Should Parents Give Their Preschoolers Homework?
May 16, 2012
If all work and no play makes Jack a dull boy, what does it do to preschoolers? Many feel that preschoolers should be allowed plenty of unstructured play time; others say a structured program is important to prepare youngsters for school. Which approach might be best for your child?
The Value of Playtime
Numerous studies have shown the importance of play for cognitive, physical and social development. So important is play that the United Nations High Commission for Human Rights has called it the 'right' of every child!
Yet many preschools across the United States are identified as 'academic' preschools. These schools emphasize learning, in some cases resulting in a decrease in play time. Some of these preschools might even require homework.
Is this necessary, or even beneficial? Some say no. Forcing homework on young children might make them rebel against it, a trait they could carry into their academic years. Introducing schoolwork to children who are too young might also lead to 'burn out' before the child even gets to high school!
Preschool should introduce students to some educational basics such as colors, shapes, sizes, numbers, simple sentences and easy addition and subtraction. But for the most part, preschool is a time to develop a motivation to learn and a disposition for learning.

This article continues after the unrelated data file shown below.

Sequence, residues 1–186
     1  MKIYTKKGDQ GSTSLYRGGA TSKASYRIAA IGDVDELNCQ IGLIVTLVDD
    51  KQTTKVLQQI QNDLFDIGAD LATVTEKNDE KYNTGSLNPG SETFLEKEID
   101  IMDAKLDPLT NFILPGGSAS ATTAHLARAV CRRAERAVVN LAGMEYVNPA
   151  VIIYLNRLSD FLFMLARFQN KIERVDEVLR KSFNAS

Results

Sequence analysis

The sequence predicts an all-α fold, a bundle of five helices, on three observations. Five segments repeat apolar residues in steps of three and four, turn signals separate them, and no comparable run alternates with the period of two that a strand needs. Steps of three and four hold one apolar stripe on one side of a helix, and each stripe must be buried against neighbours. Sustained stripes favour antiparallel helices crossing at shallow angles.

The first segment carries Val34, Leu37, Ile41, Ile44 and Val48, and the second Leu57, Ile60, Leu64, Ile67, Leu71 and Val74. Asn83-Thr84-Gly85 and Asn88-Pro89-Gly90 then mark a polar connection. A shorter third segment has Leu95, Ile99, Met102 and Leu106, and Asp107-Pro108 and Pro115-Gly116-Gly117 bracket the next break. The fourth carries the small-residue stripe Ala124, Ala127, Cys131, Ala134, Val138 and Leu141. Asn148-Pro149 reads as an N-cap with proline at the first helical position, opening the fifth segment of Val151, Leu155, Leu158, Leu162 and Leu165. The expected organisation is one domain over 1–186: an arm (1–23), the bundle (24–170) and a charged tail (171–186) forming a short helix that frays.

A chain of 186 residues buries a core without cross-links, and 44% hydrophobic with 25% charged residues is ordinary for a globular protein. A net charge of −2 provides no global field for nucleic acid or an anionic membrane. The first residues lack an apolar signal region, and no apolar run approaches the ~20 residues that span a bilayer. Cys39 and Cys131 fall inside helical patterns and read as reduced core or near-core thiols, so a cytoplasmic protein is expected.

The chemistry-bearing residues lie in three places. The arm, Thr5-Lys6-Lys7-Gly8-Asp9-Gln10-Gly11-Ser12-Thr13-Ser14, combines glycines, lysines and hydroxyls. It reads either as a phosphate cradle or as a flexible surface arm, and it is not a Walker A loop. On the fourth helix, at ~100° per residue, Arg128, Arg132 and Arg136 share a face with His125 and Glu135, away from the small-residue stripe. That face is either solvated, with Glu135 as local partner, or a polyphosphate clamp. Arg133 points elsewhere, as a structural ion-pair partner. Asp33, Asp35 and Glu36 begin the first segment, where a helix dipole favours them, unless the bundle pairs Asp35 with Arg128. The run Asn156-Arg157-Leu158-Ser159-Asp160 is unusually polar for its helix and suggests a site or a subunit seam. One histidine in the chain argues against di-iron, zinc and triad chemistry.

This can be achieved in many cases through entertaining activities and not so much through the structured format that later grades will implement. Arts and crafts, games and physical activities can incorporate learning while remaining fun and more like play time for the child.
Mixing It Up
A healthy mix of work and play seems to be the best recipe for preschoolers. And by 'work,' I mean simple worksheets that require coloring or simple letter- or number-tracing that take no more than a few minutes to complete.
Homework should be fun activities that emphasize child-parent bonding because the preschool years are important for kids to spend time with their moms and dads. 'Homework' can also be activities such as reading to your child or arranging play dates with friends to help build social skills.
Helping children develop independence can also be important to prepare them for school. You might have them select their own food from a restaurant menu or be responsible for cleaning their own rooms.
But many might agree that what you should do most with preschoolers is to let them go off and be kids. There will be plenty of time for school and homework later in life. For the parents of preschoolers, that might be the best lesson of all.
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